Cell Biology and Toxicology

, Volume 29, Issue 2, pp 75–84 | Cite as

How aluminum, an intracellular ROS generator promotes hepatic and neurological diseases: the metabolic tale

  • Sungwon Han
  • Joseph Lemire
  • Varun P. Appanna
  • Christopher Auger
  • Zachary Castonguay
  • Vasu D. Appanna
Review Article

Abstract

Metal pollutants are a global health risk due to their ability to contribute to a variety of diseases. Aluminum (Al), a ubiquitous environmental contaminant is implicated in anemia, osteomalacia, hepatic disorder, and neurological disorder. In this review, we outline how this intracellular generator of reactive oxygen species (ROS) triggers a metabolic shift towards lipogenesis in astrocytes and hepatocytes. This Al-evoked phenomenon is coupled to diminished mitochondrial activity, anerobiosis, and the channeling of α-ketoacids towards anti-oxidant defense. The resulting metabolic reconfiguration leads to fat accumulation and a reduction in ATP synthesis, characteristics that are common to numerous medical disorders. Hence, the ability of Al toxicity to create an oxidative environment promotes dysfunctional metabolic processes in astrocytes and hepatocytes. These molecular events triggered by Al-induced ROS production are the potential mediators of brain and liver disorders.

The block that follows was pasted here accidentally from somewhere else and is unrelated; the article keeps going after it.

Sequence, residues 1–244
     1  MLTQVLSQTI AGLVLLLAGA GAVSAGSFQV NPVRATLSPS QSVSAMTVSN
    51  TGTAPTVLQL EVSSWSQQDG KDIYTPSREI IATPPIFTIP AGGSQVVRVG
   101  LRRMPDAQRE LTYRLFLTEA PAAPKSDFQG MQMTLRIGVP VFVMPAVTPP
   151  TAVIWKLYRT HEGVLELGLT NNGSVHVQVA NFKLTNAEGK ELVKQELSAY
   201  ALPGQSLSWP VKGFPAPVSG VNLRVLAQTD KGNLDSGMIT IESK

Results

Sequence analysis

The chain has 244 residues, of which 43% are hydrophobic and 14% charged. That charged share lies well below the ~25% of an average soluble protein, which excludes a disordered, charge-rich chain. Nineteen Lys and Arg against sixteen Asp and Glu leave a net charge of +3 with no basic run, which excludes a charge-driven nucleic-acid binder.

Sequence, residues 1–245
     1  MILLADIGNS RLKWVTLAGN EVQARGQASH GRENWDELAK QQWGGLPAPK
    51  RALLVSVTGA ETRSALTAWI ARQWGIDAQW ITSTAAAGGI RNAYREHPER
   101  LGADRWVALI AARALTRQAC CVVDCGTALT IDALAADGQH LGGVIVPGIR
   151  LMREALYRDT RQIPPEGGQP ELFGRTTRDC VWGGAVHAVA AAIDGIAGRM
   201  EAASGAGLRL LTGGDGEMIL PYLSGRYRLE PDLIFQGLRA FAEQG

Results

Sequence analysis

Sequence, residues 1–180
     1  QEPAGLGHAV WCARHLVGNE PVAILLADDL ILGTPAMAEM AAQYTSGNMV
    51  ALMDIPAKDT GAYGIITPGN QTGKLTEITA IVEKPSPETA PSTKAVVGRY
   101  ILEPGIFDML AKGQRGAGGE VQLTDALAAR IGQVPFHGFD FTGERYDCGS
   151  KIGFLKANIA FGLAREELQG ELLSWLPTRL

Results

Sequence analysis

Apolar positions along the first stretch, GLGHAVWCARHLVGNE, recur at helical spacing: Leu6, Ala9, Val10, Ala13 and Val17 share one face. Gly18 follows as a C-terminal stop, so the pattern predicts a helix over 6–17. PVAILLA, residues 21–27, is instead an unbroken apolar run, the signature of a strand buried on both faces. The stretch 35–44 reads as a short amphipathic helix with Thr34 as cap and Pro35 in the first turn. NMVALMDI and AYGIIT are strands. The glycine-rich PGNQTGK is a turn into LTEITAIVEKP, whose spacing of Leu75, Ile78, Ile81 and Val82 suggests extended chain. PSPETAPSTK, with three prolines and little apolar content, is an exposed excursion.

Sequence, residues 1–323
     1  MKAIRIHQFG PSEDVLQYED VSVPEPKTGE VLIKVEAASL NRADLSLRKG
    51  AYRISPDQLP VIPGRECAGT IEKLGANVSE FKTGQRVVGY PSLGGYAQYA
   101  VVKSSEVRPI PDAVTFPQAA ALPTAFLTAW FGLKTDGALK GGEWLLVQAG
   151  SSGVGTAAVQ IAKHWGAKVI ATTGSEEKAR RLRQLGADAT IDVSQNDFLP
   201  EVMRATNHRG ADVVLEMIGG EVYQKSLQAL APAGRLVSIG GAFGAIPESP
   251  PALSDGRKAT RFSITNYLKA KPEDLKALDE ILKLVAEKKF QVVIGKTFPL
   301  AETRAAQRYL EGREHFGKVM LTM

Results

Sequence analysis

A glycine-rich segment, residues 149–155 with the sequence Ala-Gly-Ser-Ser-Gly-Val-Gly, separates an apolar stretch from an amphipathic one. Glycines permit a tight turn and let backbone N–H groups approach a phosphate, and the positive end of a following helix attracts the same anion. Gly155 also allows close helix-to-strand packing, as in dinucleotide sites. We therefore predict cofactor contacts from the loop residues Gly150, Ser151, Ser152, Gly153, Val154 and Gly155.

Keywords

Aluminum toxicity Reactive oxygen species Mitochondrial dysfunction Dyslipidemia α-ketoacids Neurological and hepatic diseases 

Abbreviations

BADH

Betaine-aldehyde dehydrogenase

BBDOX

γ-butyrobetaine dioxygenase

ETC

Electron transport chain

HDL

High-density lipoprotein

HIF

Hypoxia-inducible factor

HTML

3-hydroxy-N6-trimethyllysine

ICDH

Isocitrate dehydrogenase

KGDH

Alpha-ketoglutarate dehydrogenase

LDL

Low-density lipoprotein

MDH

Malate dehydrogenase

PHD

Prolyl hydroxylase

ROS

Reactive oxygen species

TCA

Tricarboxylic acid

TML

N6-trimethyllysine

TMLD

Trimethyllysine dioxygenase

VLDL

Very-low-density lipoprotein

Notes

Acknowledgments

This work was supported by the Laurentian University and Industry Canada. Joseph Lemire was a recipient of the Alexander Graham Bell Canadian Graduate Scholarship (NSERC) and currently holds an NSERC-PDF, Christopher Auger is a recipient of the NSERC PGS-D.

Declaration of interest

The authors report no conflict of interest. The authors alone are responsible for the content and writing of the paper.

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Copyright information

© Springer Science+Business Media Dordrecht 2013

Authors and Affiliations

  • Sungwon Han
    • 1
  • Joseph Lemire
    • 2
  • Varun P. Appanna
    • 1
  • Christopher Auger
    • 1
  • Zachary Castonguay
    • 1
  • Vasu D. Appanna
    • 1
  1. 1.Department of Chemistry and BiochemistryLaurentian UniversitySudburyCanada
  2. 2.Department of Biological SciencesUniversity of CalgaryCalgaryCanada

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